A visit to the Durham Performing Arts Center for the touring production of Rock of Ages yields a number of odd sights. Audience members, mostly people in their 40s and 50s, are wearing suits and evening wear to a play that’s based, in part, on the fashion excesses of 1980s youth culture. They also sip cups of red wine in front of a set labeled “The Bourbon Room.”
And as they trudge along the red-carpeted floors, the sound system blasts the likes of Warrant’s “Cherry Pie” and Def Leppard’s “Pour Some Sugar on Me.” How did low-rent entertainment become the subject for a top-dollar production?
Understand, that’s not a dis of 1980s music, something I greatly enjoy and often use as a pick-me-up. But with the 30th anniversary of MTV occurring this year and the excellent new oral history I Want My MTV now in bookstores, it’s fascinating how the 1980s rock culture—those songs and videos that were often mocked even by the artists who created them—became such a massive mainstream force. Big hair, androgynous fashions and lyrics that barely qualified as single entendres represented a force of youthful enthusiasm and exuberance.
This actually offers some potential for a musical premise; the strength of most musicals comes from characters articulating in song what they can’t in mere words. But Rock of Ages suffers from letting the silliness just be silliness.
With a jukebox musical, the audience is likely to already know most of the songs, so there’s a moment of groaning when a character headed out on a date breaks into Foreigner’s “Waiting For a Girl Like You,” or the lead-in to a club’s demolition is, yes, Europe’s “The Final Countdown.”
Again, there’s some fun you could have with that, particularly as lyrics are recontextualized in different situations, but Chris D’Arienzo’s book is, frankly, not very good. The story concerns Sherrie (Shannon Mullen) and Drew (Dominique Scott), a couple of dreamers who fall for each other at the 1980s Sunset Strip hangout the Bourbon Room and find their plans deferred by fate, misunderstanding and the spoiled rock god Stacee Jaxx (Matt Nolan). The plot is so thin that narrator Lonny (Justin Colombo, who seems to be channeling Tenacious D-era Jack Black) has to explicate such major points as the fact that the first act coming to an end.
Much of Rock of Ages’ plot takes its cue from old-fashioned musical theater standbys, including the idea that uptight German accents are still funny, as is the sight of two men declaring their love for one another (the dialogue is filled with profanity roughly at the level of a middle-schooler’s understanding of bad language). One character, played by Katie Postotnik, is defined in part that her name is pronounced “Reh-JYE-na” (according to IMDb.com, Regina appears to have been mercifully eliminated from the upcoming film version).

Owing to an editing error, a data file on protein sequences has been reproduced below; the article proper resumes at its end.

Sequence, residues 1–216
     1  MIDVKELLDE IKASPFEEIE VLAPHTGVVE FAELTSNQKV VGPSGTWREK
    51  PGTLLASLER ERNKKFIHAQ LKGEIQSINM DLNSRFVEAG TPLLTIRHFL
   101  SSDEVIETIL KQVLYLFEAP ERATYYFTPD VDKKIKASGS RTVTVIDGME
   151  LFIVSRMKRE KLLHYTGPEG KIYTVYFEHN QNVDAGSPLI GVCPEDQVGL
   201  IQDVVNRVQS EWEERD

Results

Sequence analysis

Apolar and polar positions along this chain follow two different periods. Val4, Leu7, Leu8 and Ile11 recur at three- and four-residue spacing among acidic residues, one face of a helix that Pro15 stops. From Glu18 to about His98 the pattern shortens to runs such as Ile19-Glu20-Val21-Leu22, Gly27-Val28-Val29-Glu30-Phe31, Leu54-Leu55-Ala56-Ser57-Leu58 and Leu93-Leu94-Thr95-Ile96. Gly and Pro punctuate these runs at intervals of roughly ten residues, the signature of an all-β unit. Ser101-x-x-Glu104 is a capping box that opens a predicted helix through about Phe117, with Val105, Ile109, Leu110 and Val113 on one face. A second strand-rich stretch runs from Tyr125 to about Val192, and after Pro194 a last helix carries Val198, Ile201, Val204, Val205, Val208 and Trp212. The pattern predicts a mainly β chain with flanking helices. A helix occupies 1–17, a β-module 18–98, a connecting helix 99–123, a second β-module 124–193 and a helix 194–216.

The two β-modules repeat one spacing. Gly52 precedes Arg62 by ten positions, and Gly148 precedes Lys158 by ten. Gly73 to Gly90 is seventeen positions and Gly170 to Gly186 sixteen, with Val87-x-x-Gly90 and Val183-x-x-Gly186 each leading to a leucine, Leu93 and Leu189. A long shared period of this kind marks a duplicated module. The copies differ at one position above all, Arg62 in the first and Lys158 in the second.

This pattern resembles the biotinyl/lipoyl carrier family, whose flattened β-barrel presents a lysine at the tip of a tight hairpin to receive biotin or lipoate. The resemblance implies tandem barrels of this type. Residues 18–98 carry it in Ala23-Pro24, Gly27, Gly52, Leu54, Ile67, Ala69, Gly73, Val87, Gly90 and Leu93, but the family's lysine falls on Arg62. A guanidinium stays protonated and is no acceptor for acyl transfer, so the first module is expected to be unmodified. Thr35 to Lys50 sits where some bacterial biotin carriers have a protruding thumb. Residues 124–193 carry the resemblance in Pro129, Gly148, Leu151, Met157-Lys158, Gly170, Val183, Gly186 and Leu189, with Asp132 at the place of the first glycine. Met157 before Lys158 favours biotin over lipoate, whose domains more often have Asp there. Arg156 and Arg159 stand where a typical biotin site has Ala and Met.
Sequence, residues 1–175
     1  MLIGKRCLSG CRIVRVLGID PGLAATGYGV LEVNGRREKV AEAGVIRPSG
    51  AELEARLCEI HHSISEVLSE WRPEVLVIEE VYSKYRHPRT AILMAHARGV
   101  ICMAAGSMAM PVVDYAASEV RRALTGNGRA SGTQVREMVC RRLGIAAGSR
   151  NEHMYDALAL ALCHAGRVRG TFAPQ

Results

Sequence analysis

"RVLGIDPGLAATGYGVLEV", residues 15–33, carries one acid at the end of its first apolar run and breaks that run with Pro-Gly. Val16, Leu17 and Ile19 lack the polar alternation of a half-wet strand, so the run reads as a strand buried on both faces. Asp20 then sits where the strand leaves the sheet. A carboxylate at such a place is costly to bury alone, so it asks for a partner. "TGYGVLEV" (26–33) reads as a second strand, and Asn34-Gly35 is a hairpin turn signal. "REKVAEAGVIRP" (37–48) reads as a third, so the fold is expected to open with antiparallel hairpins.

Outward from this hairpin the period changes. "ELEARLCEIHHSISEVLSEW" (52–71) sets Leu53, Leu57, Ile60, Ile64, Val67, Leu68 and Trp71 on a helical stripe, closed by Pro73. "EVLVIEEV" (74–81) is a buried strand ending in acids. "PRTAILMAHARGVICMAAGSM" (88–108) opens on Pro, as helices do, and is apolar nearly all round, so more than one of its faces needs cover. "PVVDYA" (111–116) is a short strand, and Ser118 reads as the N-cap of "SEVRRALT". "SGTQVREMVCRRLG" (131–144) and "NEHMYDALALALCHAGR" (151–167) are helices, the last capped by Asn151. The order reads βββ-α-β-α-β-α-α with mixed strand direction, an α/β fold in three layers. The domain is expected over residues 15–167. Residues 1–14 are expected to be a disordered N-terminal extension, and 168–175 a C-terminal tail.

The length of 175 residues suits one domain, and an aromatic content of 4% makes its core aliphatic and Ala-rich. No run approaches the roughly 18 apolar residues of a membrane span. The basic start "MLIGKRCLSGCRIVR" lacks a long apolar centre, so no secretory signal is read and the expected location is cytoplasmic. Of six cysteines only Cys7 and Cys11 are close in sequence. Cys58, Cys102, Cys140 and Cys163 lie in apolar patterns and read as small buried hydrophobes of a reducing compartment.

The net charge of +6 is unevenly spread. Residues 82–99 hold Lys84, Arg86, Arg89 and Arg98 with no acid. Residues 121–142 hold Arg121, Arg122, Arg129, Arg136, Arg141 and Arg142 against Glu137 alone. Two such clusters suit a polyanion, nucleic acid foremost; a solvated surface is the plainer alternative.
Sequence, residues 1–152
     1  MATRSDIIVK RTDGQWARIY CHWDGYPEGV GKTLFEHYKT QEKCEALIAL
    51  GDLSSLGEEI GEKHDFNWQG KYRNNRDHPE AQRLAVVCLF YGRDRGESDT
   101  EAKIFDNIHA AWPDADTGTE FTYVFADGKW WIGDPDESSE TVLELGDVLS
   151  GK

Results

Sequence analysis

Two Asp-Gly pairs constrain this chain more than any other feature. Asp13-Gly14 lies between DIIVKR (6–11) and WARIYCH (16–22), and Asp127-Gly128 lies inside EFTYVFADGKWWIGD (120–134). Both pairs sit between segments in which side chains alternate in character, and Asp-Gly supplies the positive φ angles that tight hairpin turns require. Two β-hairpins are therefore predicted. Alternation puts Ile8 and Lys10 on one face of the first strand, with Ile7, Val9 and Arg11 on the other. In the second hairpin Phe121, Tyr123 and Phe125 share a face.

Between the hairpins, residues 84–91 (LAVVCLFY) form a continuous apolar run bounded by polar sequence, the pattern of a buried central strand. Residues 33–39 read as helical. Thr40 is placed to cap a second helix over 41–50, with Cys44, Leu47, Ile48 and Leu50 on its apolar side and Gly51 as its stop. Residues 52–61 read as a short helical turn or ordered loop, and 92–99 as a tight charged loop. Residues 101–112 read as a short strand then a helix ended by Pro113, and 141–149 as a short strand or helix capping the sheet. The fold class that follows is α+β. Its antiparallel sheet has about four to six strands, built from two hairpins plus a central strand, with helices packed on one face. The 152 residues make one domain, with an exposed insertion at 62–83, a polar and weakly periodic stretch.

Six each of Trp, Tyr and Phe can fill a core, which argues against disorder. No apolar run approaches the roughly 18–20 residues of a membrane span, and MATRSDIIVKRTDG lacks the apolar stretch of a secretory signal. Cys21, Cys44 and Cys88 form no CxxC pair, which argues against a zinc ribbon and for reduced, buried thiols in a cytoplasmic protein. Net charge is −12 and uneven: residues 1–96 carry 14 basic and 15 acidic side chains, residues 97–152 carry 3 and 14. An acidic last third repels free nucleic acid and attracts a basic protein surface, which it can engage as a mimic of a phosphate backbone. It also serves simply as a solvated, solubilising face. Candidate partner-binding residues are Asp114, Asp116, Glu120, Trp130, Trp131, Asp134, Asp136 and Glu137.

The cast is game for this material—Mullen has some strong comic timing as Sherrie, and the numbers carried by her vocals are highlights, something that’s very strange to write about a mash-up of Extreme’s “More Than Words” and Mr. Big’s “To Be With You” (both of which were actually hits in the early 1990s, but never mind). Nolan also gets some good riffs out of his underwritten character of the whiny Jaxx, and a scene with Jaxx and Sherrie that can only be called the “passive-aggressive lapdance” is a comic highlight. The band, especially lead guitar Chris Cicchino, is also excellent, though those sitting near the front might want to bring earplugs for a few numbers. It gets loud.
Dorothy Parker once wrote, “Wit has truth in it; wisecracking is simply calisthenics with words.” The problem with Rock of Ages is that it’s merely wisecracking about the 1980s without the wit. The excesses of ’80s rock and the Sunset Strip were mocked even while they were going on with films such as This is Spinal Tap and the documentary The Decline of Western Civilization Part II: The Metal Years (which, admittedly, had several faked bits). What those films and the more recent Anvil: The Story of Anvil had that Rock of Ages lacks is a certain horror at this excess.
There’s foul language and deferred dreams, but it’s all portrayed with such cartoonishness that even a sexual coupling in a bathroom stall still projects a certain innocence. Never mind coke, AIDS or the rampant abuse of groupies on the Sunset Strip: Wasn’t it just too much that everyone had big hair and shoulder pads?
The closest Rock of Ages comes to evoking just why this excess had a fundamental appeal comes with the closing rendition of “Don’t Stop Believin’,” which had the audience on its feet. True, that stadium standby has been used in everything from Glee to The Sopranos, but its combination of driving guitars and earnest lyrics tap into something sincere. That’s what makes a goofy pop song work, when the fundamental message taps into some longing or frustration or desire to forget one’s troubles. The songs of Rock of Ages tap into this, along with nostalgia for that era, and that’s likely what has made this a popular, long-running show. But it still doesn’t make it a good one.
Also, be careful. If you encounter a bad traffic that slows your trip to DPAC, it’s possible that you’ll have heard about half the soundtrack on the radio by the time you arrive.